Although the United States currently has only one operating offshore wind farm — Deepwater Wind’s 30 MW Block Island Wind Farm in Rhode Island state waters — interest in the industry has come a long way. Three years ago, a federal auction for the same area off Martha’s Vineyard leased last week failed to attract significant interest, according to the New York Times.
The winning bids yielded more than $1,000 per acre, while the latest offshore drilling lease auction in the Gulf of Mexico held in August yielded about $222 per acre for over 800,000 acres.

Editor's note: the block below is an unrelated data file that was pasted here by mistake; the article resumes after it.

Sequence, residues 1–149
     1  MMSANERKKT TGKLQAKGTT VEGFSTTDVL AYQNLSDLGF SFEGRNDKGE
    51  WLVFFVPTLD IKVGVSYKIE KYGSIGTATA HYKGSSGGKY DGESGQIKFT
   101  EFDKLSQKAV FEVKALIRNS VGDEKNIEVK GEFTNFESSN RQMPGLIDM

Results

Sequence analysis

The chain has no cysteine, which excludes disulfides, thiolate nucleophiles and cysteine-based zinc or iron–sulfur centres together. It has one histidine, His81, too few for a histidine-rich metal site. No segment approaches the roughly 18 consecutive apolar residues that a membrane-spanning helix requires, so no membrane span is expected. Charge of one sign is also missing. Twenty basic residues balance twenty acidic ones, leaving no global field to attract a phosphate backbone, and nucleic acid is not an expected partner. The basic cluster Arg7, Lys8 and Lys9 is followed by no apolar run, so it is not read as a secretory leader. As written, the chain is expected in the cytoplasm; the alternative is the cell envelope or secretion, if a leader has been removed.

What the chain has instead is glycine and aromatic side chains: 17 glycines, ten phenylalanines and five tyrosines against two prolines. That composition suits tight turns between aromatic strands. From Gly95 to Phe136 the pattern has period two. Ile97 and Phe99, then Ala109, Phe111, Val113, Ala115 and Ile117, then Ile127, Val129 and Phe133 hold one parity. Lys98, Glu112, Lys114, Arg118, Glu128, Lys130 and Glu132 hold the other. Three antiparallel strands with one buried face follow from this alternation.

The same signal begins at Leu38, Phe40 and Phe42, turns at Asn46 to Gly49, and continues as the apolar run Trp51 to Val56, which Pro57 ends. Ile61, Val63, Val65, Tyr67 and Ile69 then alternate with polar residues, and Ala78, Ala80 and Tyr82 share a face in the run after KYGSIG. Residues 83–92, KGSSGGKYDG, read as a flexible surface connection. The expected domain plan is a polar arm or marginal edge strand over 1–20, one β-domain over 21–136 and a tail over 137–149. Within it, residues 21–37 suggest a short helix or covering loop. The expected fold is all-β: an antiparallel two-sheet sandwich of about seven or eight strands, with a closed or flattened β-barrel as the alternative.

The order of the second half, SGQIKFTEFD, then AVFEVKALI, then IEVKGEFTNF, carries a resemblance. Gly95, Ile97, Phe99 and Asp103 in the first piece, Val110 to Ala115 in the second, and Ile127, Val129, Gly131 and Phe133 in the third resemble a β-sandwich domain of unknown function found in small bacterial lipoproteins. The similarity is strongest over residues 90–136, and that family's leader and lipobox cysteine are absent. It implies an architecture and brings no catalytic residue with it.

The policies of Northeast states have been increasingly encouraging offshore wind development, as the states have been pursuing power purchase agreements (PPA) for hundreds of megawatts of the renewable resource to help power densely populated coastal cities.
The escalation in the site auctions for offshore wind had already taken people by surprise when a single site broke $40 million in 2016, according to Walter Musial, principal engineer and manager of the National Renewable Energy Laboratory’s offshore wind program.